• Lauren Bloom is an interfaith minister and attorney who focuses on professional and personal integrity. Her career has been devoted to helping business professionals earn and maintain the trust of their clients, cutomers, colleagues and associates. An internationally-recognized expert on business and professional ethics, Lauren has appeared as a keynote speaker across North America and in Europe.

    Lauren lives in Springfield, Virginia outside of Washington, D.C.

  • From Donald Sterling, “I’m Sorry” Was Too Little, Too Late

    Posted on by smartauthorsites

    It’s hard to imagine how Donald Sterling, former owner of the Los Angeles Clippers, could have disgraced himself any more deeply after recordings of appallingly racist remarks he made in a conversation with a friend came to light.  There’s unpleasant, there’s nasty, there’s “I can’t believe anything that vicious actually came out of the man’s mouth,” and he managed to exceed even that.  Those comments, including a personal attack on superstar Magic Johnson, literally left me speechless, and led the NBA to fine Mr. Sterling $2.5 million and ban him from basketball for life.

    I haven’t written about Mr. Sterling’s initial diatribe before now because it took place in a private conversation.  Disgusting as his remarks were, I’ll admit to struggling some with the ethics of criticizing him for comments that he never intended to see the light of day.  Nonetheless, Mr. Sterling’s non-apology during an interview with Anderson Cooper has taken me off the fence.  He did the old “sorry if I offended” dance (gee, Mr. Anderson, ya think?), argued that 35 years in basketball should somehow counterbalance his comments, and blamed the whole thing on his friend, as if she put those hateful words in his mouth by “baiting” him.  From what he said, Mr. Sterling isn’t sorry – he just wants to keep the team.  It was an appalling performance that, to me, demonstrated that he doesn’t get it and probably never will.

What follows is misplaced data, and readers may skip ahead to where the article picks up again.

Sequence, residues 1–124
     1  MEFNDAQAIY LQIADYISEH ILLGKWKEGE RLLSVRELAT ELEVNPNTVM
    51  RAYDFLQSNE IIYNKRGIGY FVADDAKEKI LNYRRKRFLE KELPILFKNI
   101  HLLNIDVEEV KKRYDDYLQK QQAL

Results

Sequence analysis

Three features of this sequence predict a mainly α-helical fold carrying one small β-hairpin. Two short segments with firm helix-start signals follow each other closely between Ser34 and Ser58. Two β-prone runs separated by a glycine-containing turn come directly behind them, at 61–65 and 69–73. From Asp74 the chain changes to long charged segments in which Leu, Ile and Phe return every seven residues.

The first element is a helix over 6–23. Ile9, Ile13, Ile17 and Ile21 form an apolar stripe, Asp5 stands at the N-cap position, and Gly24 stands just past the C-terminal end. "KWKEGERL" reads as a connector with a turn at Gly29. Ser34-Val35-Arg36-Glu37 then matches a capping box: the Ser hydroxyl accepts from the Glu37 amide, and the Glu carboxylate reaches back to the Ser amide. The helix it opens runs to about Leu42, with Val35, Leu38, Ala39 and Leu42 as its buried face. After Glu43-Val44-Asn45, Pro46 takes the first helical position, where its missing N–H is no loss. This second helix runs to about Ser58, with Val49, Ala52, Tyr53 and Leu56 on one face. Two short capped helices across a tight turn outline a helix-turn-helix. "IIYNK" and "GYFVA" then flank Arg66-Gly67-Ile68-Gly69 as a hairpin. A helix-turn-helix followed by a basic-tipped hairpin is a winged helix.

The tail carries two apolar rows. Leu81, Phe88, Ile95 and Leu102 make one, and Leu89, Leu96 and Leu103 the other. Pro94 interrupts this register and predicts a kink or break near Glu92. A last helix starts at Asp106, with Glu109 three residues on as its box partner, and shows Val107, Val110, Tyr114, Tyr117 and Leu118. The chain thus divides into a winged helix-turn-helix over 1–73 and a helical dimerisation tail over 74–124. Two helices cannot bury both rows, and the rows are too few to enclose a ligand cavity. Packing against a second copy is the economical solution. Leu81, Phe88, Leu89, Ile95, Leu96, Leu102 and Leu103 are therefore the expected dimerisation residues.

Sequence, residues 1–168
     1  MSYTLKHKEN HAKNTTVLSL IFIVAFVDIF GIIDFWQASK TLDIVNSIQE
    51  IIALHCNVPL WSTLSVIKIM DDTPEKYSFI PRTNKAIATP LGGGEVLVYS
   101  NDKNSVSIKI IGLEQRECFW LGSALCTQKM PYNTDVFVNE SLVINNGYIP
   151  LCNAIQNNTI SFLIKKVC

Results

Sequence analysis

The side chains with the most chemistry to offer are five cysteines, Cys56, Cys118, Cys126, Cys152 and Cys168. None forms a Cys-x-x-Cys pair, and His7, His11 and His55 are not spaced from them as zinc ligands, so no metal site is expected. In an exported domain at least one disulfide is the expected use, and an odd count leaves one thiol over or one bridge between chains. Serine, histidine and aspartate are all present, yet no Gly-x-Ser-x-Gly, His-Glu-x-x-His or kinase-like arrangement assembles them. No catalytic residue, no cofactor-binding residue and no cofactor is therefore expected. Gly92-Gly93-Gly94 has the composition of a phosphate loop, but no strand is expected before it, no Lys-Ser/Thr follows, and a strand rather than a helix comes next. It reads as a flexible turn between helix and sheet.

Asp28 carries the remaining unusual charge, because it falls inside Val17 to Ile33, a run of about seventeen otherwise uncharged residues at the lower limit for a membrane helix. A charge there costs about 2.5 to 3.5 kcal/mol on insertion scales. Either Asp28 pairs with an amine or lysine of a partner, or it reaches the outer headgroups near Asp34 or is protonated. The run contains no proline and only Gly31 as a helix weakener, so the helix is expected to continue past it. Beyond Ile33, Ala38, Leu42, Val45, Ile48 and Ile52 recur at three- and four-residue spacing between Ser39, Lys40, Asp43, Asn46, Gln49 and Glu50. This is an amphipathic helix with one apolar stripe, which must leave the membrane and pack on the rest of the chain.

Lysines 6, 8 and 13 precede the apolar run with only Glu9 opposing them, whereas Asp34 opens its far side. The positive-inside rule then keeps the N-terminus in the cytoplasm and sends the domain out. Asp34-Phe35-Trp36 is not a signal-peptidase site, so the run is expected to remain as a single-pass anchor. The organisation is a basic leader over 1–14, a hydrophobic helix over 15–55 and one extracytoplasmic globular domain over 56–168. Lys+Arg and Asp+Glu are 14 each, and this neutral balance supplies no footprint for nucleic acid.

Unlike many mothers, I don’t necessarily believe that every famous human being on the planet has to be an ideal role model for small children.  However, both the law and common decency require employers to protect their employees from virulent racism, and that applies to sports teams as well as corporations.  I believe that the NBA has an obligation to protect the Clippers from Donald Sterling.  If he truly wants to make amends, he should sell the team and let his suspension stand.


    This entry was posted in Apologies, business communications, Business Ethics, corporate responsibility, ethics, Lauren Recommends, Personal Ethics, Risk Management, Social Ethics, Uncategorized. Bookmark the permalink.

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    • “This splendid little book not only contains much of practical value (I was personally helped by it), it will encourage the development of such virtues as honesty and humility and that is no small gift.”

      --Rabbi Harold Kushner, author,
      When Bad Things Happen to Good People.

    © 2014 Lauren Bloom, J.D., LL.M. All Rights Reserved.

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